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(AP Photo/Matt Rourke, file)
(Bloomberg Business) — Is the entire concept of net neutrality about to become irrelevant?

Any day now, the Federal Communications Commission will officially publish its final order mandating net neutrality—rules that prohibit the cable and telephone giants that control broadband access to the Internet from blocking or throttling traffic, from setting up paid fast lanes for certain content providers, and from otherwise discriminating against services they don’t own (like Netflix) to advantage those they do (like Comcast’s Xfinity On Demand).

The FCC’s action is popular: More than 4 million people wrote to the FCC demanding net neutrality, and polling suggests that more than 80 percent of Americans support rules against blocking, discriminating against, slowing down, or charging for Internet traffic.

But lost in the fight over net neutrality is one key issue for consumers: The market for broadband access just isn’t competitive. And unless the FCC quickly pivots away from net neutrality, the policy could become a stumbling block in the way of true reform.

From a consumer perspective, broadband Internet access in the United States has pretty much always been a monopoly, and the absence of competition is what makes U.S. broadband service both slow and expensive. High-speed access in the U.S. costs, on average, almost three times as much as in the U.K. and France, and more than five times as much as in South Korea.

Most Americans get broadband Internet access from their local cable company. The competition from DSL—digital subscriber line service, provided by telephone companies over copper wires—is fading. And satellite Internet, which suffers from crippling speed issues and usage caps, is relevant only in rural areas with no cable service. The lack of competition has allowed providers like Comcast and Verizon to rake in billions of dollars more from consumers vs. what they could charge in a competitive market.

Net neutrality won’t fix that. The high prices and the service horror stories—the most recent of which is Comcast’s refusal to cancel service for a man whose house burned down—will continue because net neutrality is not ambitious enough.

In fact, net neutrality is a policy built on the presumption that broadband service will be a monopoly for a long time to come. In that case, the best we could do would be to stop Internet access giants discriminating to extend their monopoly power to new services, which is what net neutrality is about at its core. But events are moving in a direction that could, if the FCC gets its next moves right, lead to real competition in the market for broadband.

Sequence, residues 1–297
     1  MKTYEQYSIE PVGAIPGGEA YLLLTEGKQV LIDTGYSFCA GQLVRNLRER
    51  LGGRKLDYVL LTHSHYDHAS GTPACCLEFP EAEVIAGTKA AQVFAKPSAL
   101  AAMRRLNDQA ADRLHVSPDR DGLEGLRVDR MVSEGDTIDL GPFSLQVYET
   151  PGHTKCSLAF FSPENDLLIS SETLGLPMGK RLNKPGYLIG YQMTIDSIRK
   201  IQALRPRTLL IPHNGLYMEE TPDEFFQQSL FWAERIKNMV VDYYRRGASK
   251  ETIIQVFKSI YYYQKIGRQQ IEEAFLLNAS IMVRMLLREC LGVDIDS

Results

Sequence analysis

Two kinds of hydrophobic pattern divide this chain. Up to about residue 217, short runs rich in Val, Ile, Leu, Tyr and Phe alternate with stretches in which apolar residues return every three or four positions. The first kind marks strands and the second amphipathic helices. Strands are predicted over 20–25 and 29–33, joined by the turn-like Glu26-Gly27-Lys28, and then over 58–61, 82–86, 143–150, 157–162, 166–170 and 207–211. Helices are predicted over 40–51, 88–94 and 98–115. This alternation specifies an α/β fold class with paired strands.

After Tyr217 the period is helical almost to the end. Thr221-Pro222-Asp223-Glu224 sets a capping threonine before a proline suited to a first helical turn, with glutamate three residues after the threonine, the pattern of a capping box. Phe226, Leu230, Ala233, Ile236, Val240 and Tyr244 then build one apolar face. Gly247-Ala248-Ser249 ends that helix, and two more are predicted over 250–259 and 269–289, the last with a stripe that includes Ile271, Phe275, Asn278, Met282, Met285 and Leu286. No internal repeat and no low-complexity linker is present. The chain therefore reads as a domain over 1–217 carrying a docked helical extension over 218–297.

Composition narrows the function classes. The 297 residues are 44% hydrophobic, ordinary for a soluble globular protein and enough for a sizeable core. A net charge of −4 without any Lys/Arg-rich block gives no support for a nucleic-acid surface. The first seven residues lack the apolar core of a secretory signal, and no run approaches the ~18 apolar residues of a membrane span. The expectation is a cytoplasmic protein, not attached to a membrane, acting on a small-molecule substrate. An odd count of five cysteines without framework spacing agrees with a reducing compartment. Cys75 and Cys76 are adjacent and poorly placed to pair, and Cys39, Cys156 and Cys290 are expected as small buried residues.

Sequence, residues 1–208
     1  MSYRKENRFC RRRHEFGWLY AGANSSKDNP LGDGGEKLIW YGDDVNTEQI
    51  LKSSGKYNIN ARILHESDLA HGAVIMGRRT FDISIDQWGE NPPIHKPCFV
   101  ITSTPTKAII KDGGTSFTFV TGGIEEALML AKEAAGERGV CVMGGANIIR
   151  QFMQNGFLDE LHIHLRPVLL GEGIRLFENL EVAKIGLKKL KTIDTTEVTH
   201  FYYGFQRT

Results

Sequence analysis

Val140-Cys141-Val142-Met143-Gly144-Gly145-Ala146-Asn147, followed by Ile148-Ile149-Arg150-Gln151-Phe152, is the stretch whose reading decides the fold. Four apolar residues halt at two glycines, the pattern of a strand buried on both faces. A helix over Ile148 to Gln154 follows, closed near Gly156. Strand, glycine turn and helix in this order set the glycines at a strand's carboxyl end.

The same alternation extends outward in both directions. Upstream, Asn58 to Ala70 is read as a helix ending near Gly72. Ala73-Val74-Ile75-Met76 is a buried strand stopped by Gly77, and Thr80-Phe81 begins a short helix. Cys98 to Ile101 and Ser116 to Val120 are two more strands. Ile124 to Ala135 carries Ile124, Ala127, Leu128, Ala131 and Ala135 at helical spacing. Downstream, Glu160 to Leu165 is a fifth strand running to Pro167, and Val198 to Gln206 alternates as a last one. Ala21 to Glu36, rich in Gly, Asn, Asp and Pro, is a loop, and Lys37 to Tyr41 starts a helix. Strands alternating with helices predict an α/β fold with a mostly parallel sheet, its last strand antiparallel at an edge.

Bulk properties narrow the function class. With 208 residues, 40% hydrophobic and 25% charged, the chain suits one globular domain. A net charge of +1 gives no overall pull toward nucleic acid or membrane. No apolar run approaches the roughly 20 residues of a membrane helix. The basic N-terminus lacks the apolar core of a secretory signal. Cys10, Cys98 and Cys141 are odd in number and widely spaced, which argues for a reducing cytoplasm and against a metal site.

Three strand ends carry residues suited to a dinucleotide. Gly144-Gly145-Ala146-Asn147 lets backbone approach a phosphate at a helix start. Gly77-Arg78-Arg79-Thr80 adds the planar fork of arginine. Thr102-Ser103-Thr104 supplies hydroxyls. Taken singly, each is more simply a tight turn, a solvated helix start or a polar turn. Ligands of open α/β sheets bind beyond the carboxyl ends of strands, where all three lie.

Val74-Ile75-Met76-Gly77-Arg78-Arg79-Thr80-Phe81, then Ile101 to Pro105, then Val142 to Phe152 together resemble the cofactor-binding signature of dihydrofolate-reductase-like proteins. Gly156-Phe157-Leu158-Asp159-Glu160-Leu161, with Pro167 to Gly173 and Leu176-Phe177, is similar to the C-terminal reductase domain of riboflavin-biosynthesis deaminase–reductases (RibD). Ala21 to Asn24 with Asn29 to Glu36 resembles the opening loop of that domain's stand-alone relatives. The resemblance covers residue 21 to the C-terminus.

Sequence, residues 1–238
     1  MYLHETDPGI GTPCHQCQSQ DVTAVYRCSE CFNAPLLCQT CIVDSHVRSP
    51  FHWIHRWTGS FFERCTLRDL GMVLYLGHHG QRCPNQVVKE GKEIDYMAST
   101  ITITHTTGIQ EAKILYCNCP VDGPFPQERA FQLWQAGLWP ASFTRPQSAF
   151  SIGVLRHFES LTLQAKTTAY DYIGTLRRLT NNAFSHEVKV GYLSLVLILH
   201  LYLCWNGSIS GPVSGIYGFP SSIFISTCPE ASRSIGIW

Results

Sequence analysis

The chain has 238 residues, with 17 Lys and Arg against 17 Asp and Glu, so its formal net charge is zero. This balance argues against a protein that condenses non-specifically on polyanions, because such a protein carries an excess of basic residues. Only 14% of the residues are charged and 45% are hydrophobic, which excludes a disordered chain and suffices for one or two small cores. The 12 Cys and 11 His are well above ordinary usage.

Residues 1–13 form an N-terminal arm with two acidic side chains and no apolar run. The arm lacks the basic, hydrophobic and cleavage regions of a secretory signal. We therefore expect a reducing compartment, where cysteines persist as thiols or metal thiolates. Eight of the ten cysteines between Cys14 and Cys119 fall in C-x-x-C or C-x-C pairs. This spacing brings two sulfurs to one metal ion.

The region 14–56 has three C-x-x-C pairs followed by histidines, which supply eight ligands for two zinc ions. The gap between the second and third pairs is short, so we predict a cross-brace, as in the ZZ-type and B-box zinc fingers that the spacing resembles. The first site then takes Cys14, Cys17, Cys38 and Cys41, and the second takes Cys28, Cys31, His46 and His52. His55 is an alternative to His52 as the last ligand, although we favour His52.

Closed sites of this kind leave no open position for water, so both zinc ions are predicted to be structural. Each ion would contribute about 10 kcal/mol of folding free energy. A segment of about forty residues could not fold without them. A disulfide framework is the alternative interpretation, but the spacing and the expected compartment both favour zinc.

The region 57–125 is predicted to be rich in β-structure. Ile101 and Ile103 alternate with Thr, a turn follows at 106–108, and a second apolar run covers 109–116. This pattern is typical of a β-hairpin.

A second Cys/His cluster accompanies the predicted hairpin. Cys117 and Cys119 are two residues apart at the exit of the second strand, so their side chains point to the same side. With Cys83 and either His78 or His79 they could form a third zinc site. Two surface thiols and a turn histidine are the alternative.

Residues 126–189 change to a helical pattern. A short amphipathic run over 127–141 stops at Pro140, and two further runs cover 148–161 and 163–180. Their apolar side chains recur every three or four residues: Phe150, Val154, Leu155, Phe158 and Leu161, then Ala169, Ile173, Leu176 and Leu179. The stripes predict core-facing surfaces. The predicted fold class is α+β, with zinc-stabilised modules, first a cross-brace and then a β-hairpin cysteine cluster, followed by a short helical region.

Over the past few months, HBO, CBS, and even Disney, which owns ABC and ESPN, have announced plans to offer their channels over the Internet, eliminating the need to purchase a cable TV package. What will this unbundling do for broadband competition? The likely response from cable providers will be to jack up the cost of Internet access—a service they still control. Public furor over broadband price hikes may give the FCC a chance to shift its focus from net neutrality to a truly game-changing move: net competition.

The one crucial step the FCC could take to get us there would be to mandate local loop unbundling. That is a policy that would force the cable companies to lease access, for a price determined by the FCC, to what’s known as the last-mile connection: the copper and fiber-optic cable, switches, and local offices that connect the main arteries of the Internet to individual homes and buildings.

We’d get competition in one stroke, as new entrants would vie to provide broadband access. That competition would lower prices, improve service, and also ease the concerns about discrimination that provoked the FCC’s net neutrality mandate in the first place. In a competitive market, if Comcast throttles Netflix, then people who love Netflix can pick up the phone and arrange service with one of Comcast’s competitors. Competition would discipline Comcast’s behavior more reliably than any net neutrality regulation.

There are risks. Set the interconnection price too low, and you choke off the current providers’ incentive to improve their networks. Set the interconnection price too high, and you hobble prospective entrants.

These aren’t reasons to reject local loop unbundling. The policy has brought competition, lower prices, and more innovation in Europe. And there aren’t many other options. We’re not likely to see anyone build a separate network. The expense involved in replicating the last-mile connection—tearing up streets to lay cable—would be colossal and uneconomic except in the densest urban areas. (Verizon has halted the expansion of its FiOS fiber network.)

The best reason for the FCC to mandate local loop unbundling is that it has the power to do it. After the courts scrapped the FCC’s first attempt to mandate net neutrality back in the beginning of 2014, the agency bolstered its second set of net neutrality rules by voting to reclassify Internet access as a telecommunications service. This legal move gives the agency broader power to regulate. It’s the same authority that starting in the late 1990s the FCC used to end the Baby Bells’ dominance of the market for local telephone service by unbundling the last-mile telephone infrastructure.

What worked for the telephone network can work for the Internet. The FCC has sworn repeatedly that it has no plans to use its expanded authority to order local loop unbundling. It should now forcefully take those promises back and begin the process of hearings and public comments that will lead to real net competition.

Copyright 2018 Bloomberg. All rights reserved. This material may not be published, broadcast, rewritten, or redistributed.

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